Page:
Don’t stop with your customers and community either. You also want to ensure you are the best employer in the industry. Having motivated and skilled staff will provide benefits for your customers. Furthermore, your business will grow by attracting the right kind of people to work with you.

Reward people for doing business with you

You need to be able to reward and excite your customers. This often means being more innovative. Innovation can create a buzz around your company and regular rewards give customers a deeper sense of appreciation.

If you are launching a new product or opening a new store, make sure you make the event more special. It could have giveaways and other such competitions and you could team up with other local businesses.

Rewards are a big part of out-competing your competition, as they ensure your customers have extra incentive to continue shopping with you. Just look at all the big supermarket chains and coffee shops, for example. They run loyalty schemes that ensure the customers are incentivized to keep coming back. Small businesses should definitely aim for the same.

Loyalty schemes, when organized properly, don’t cost that much and can provide more gains to the business. It’s also a good idea to consider teaming up with local businesses for rewards and promotions. For example, you could offer customers in your bookshop the chance to get a pedicure at the local spa, while the spa could advertise and even stock some of your specialty books on relaxing and wellbeing.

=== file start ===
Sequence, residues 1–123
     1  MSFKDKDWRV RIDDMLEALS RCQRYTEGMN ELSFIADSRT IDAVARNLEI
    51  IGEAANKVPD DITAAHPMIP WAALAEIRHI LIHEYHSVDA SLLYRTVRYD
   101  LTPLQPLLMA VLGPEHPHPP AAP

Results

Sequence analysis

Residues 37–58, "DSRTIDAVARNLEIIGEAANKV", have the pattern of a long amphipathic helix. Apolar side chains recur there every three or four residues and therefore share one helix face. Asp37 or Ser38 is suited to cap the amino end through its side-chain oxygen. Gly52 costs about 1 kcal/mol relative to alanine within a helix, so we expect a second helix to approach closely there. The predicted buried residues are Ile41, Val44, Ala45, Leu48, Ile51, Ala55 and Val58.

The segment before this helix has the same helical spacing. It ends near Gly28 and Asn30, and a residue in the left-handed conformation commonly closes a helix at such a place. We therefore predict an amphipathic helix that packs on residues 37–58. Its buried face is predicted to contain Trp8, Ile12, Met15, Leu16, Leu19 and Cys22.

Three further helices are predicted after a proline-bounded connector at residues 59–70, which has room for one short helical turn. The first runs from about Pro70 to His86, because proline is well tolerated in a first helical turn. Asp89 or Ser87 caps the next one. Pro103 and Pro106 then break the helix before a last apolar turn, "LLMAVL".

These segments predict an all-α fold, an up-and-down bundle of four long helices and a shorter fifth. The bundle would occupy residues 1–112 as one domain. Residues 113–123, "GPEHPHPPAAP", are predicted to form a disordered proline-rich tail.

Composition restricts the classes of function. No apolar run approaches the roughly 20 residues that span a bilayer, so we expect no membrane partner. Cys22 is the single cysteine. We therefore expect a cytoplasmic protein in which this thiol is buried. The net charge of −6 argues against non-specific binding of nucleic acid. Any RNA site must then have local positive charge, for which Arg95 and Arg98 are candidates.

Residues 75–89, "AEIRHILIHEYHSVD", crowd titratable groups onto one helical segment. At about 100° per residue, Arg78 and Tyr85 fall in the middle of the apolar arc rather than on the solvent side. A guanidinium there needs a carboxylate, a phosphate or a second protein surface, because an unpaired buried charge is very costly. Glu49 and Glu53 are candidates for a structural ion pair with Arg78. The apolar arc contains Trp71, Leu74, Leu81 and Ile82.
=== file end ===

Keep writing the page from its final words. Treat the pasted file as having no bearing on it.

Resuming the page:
HOW TO SPEED UP THE LEARNING CURVE?

The above strategies are all great for out-competing businesses in any industry. But anyone who has worked in the business world knows, implementing the winning strategies isn’t always straightforward. Each business in your industry will be looking over their shoulders, trying to find the magic ingredient for staying ahead.

The best way to guarantee you out-compete your competition is by learning faster than your competition. If you can master the above strategies and learn the winning tactics quicker than your competition, you’ll end up on top.

But how can you speed up the learning curve when it comes to business?

Create a database of your customers

Getting new customers makes learning harder and it costs more than attaining old ones. A clever business focuses on the customers they already have and learns from them, in order to grow the customer base.